20. #20
    Join Date
    Jun 2010
    Location
    Alabama
    Posts
    5,670
    Quote Originally Posted by Aieglos View Post
    That is not quite right, my friend.

    If Sauron had not made the ring, he would died and drowned in the sinking of Numenor. But even if that is debatable, this is not: Elendil and Gil-galad killed him; without the ring, he would not have returned at all. The ring was the only thing that would enable his victory, in his eyes: but, because evil is never fully allowed to conquer over righteousness, the one weapon proved to ensure his utter defeat, as he could not live without it in existance from the moment he made it.
    Not quite right, my friend. Sauron, being Maia, is deathless within Arda. In taking on a 'mortal' or 'biological' form, said form could be destroyed (which happened twice); but the spirit (fea) could not. It would be 'houseless' or 'unclothed'. Sauron, without the ring, with the ring still in existence, continued to have the ability to take on a 'mortal' form (but could not appear 'fair' or 'good'). Once the ring was destroyed, all that had been made with it was destroyed. Sauron was diminished to a powerless, houseless, spirit. His punishment fit his crimes. Morgoth, his master and mentor, though was the ultimate nihilist. If he couldn't dominate it, he would eternally seek to destroy it. His punishment, which also fit his crimes, was banishment into eternal solitary confinement.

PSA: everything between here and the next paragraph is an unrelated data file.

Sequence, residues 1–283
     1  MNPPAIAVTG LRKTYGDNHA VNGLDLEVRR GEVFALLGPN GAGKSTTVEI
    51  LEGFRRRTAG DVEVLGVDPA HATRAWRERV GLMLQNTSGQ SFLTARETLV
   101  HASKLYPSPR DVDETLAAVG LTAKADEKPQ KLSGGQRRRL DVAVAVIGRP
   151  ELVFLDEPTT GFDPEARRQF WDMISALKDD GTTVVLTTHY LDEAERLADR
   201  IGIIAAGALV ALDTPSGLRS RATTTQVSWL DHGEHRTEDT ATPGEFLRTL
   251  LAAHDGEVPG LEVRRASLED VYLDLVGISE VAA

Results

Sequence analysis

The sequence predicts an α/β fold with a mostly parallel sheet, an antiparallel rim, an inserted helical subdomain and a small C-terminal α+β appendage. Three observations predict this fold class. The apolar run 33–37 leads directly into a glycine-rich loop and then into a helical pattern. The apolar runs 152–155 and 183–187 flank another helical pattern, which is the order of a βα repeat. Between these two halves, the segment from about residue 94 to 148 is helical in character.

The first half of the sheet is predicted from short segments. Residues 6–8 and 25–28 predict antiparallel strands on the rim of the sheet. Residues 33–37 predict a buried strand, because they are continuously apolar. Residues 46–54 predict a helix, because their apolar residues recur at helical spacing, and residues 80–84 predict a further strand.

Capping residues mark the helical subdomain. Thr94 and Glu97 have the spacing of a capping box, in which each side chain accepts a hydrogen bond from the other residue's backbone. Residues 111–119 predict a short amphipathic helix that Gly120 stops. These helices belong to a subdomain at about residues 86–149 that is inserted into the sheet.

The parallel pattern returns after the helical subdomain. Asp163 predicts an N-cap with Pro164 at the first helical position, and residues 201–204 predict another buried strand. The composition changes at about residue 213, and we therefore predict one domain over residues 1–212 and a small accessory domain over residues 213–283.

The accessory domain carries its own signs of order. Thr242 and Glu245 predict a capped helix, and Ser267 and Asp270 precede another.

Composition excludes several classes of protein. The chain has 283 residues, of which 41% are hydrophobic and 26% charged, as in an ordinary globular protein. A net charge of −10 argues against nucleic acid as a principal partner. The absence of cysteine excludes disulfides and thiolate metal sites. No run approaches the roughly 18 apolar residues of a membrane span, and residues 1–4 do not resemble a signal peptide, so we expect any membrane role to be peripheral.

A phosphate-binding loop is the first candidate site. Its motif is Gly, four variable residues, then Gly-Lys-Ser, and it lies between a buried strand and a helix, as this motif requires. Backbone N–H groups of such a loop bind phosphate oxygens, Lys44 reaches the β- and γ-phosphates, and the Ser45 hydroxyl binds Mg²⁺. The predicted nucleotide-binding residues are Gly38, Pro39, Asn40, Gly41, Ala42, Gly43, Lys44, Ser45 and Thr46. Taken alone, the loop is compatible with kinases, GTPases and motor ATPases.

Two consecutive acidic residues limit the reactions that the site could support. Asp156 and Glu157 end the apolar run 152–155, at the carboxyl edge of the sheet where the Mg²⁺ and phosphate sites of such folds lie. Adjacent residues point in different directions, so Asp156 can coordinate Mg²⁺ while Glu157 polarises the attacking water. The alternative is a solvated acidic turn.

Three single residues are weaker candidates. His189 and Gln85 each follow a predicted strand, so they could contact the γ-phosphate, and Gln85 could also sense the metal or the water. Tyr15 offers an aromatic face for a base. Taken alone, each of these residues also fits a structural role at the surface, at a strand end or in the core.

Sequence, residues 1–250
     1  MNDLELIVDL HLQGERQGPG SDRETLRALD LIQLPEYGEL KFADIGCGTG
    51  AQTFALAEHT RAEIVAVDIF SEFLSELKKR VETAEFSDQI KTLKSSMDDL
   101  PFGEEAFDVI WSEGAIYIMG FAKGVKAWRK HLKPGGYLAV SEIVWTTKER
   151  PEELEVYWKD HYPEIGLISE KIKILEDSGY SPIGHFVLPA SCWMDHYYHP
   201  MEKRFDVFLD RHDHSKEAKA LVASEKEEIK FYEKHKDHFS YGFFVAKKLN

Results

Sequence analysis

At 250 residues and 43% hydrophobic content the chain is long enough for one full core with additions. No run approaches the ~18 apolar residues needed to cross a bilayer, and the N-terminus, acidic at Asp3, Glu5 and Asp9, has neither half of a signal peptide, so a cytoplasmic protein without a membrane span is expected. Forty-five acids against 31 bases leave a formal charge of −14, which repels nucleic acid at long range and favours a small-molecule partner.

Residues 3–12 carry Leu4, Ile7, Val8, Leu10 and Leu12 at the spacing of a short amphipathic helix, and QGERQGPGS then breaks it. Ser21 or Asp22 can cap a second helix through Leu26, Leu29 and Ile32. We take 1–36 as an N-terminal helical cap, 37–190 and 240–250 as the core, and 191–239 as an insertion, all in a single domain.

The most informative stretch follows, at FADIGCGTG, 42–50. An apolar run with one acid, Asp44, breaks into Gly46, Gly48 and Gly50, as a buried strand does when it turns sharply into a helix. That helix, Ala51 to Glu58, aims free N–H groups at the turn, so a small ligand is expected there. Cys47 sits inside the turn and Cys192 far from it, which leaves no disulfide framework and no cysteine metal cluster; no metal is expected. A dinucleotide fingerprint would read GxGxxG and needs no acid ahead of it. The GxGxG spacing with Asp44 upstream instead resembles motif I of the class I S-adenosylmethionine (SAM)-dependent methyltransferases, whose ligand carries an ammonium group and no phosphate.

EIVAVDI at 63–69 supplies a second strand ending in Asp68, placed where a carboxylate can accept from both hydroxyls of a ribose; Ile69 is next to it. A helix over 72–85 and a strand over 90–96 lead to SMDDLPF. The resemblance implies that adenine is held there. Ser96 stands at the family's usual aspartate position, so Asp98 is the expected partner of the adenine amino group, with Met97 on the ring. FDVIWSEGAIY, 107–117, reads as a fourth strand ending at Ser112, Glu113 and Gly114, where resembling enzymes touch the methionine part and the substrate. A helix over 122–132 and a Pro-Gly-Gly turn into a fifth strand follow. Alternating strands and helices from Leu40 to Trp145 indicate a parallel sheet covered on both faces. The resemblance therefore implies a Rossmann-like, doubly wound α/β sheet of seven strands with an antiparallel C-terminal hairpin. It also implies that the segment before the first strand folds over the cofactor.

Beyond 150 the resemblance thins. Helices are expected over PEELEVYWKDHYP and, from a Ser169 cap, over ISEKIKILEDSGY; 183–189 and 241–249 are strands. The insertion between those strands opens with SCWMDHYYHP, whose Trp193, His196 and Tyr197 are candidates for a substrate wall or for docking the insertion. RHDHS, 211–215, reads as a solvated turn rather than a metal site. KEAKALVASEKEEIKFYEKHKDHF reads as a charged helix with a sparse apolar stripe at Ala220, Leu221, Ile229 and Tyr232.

"No sadder words of tongue or pen are the words: 'Might have been'." -- John Greenleaf Whittier
    "Do or do not. There is no try." -- Yoda
    On planet Earth, there is a try.
    Indeed, in a world and life full of change, the only constant is human nature (A is A, after all :P).